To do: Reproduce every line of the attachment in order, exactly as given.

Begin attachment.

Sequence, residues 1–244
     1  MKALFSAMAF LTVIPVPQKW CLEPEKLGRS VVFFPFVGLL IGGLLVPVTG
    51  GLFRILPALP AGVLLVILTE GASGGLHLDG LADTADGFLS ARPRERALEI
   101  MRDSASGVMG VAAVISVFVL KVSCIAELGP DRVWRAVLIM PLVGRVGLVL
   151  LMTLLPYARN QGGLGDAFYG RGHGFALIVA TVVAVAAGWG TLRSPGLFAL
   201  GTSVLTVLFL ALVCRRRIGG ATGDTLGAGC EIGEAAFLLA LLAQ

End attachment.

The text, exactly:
Sequence, residues 1–244
     1  MKALFSAMAF LTVIPVPQKW CLEPEKLGRS VVFFPFVGLL IGGLLVPVTG
    51  GLFRILPALP AGVLLVILTE GASGGLHLDG LADTADGFLS ARPRERALEI
   101  MRDSASGVMG VAAVISVFVL KVSCIAELGP DRVWRAVLIM PLVGRVGLVL
   151  LMTLLPYARN QGGLGDAFYG RGHGFALIVA TVVAVAAGWG TLRSPGLFAL
   201  GTSVLTVLFL ALVCRRRIGG ATGDTLGAGC EIGEAAFLLA LLAQ